|ELV note: Here is the link to the following article as it appears (with pictures!) in the current issue of VEGAS magazine. (Unfortunately, neither ELV nor his staff has the technical expertise necessary to reformat those tasty snaps into this forum.) No matter what format you choose to consume it in, ELV suggests savoring this musical, dramatic and delicious text whilst watching Ole Blue Eyes in Guys and Dolls (1955) or The Manchurian Candidate (1962).
Return of the Chairman
Sinatra in Encore is not a place you go to be surprised—either by the food or the music. But both are so simply perfect—with the Chairman of the Board crooning tunes over chef Theo Schoenegger’s upbeat dishes—you’ll slip right into this place like an expensive Italian shoe. The restaurant, not yet two years old, is carefully calculated to let you experience the essence of the man, his music and his menu.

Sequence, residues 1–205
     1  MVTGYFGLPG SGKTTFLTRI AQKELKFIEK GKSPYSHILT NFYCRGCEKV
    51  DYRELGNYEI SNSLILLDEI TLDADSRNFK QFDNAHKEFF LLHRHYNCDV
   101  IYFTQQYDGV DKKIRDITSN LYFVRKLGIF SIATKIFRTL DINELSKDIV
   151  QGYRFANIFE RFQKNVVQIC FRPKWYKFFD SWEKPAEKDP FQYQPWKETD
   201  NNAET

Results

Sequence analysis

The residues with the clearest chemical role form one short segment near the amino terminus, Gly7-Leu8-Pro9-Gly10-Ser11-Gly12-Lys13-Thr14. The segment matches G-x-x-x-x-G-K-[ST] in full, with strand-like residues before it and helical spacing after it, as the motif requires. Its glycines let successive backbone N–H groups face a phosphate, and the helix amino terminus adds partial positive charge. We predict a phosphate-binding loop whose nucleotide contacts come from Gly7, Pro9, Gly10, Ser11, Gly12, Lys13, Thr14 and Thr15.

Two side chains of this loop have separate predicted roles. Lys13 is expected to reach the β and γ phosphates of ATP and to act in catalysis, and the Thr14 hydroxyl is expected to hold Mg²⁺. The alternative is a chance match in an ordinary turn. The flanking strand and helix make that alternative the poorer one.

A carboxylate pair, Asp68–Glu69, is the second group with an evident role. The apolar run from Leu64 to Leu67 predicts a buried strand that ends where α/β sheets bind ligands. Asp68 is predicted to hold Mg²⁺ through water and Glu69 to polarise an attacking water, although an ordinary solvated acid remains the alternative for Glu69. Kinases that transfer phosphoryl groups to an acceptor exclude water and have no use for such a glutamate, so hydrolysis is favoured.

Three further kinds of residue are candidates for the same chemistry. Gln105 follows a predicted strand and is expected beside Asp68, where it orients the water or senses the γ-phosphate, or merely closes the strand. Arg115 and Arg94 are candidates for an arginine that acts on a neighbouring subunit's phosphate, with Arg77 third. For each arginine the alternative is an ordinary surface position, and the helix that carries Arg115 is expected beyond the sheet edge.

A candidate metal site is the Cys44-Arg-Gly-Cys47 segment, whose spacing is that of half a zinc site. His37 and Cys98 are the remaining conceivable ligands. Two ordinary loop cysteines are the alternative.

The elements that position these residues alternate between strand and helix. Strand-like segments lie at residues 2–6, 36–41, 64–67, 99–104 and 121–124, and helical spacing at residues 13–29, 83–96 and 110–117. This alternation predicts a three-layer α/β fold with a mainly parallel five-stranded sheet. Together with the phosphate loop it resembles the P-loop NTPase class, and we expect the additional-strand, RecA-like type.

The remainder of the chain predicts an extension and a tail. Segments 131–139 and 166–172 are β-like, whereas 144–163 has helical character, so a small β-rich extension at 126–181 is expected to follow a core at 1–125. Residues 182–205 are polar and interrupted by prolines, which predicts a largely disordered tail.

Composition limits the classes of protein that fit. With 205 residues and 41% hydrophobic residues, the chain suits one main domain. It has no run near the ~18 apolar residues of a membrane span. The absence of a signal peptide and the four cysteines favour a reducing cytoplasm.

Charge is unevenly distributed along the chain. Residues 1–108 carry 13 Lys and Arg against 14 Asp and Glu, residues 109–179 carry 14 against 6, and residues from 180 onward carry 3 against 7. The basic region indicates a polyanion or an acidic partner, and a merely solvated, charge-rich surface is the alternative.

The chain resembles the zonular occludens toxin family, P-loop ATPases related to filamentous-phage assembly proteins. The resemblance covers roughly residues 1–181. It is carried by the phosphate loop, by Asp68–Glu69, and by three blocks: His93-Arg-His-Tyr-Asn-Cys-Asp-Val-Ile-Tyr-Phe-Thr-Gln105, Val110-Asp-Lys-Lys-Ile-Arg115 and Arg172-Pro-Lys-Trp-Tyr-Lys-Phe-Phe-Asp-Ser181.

Before you even pick up that menu, though, you first get a sense of the history behind the joint. As you walk in, you stroll past his Oscar, Grammy and Emmy, displayed along with pictures of another icon—Steve Wynn—back when they were friends and tongue-in-cheek television commercials had Sinatra ordering Steverino around like a towel boy. As the bar stands to your left, you will get a view of the main room—adorned with larger-than- life pictures of Frank, lots of mirrors and floor-to-ceiling windows that open onto a garden patio. The bar is the domain of über-mixologist Patricia Richards, and it seems almost sacrilegious not to have a Sinatra Smash—either virgin or with a healthy jigger of Gentleman Jack (Daniel’s)—the way he would’ve liked it. Truth be told, the Rat Pack took their booze straight, but no doubt they would have approved of the fresh blackberry muddle Richards uses to smooth things out.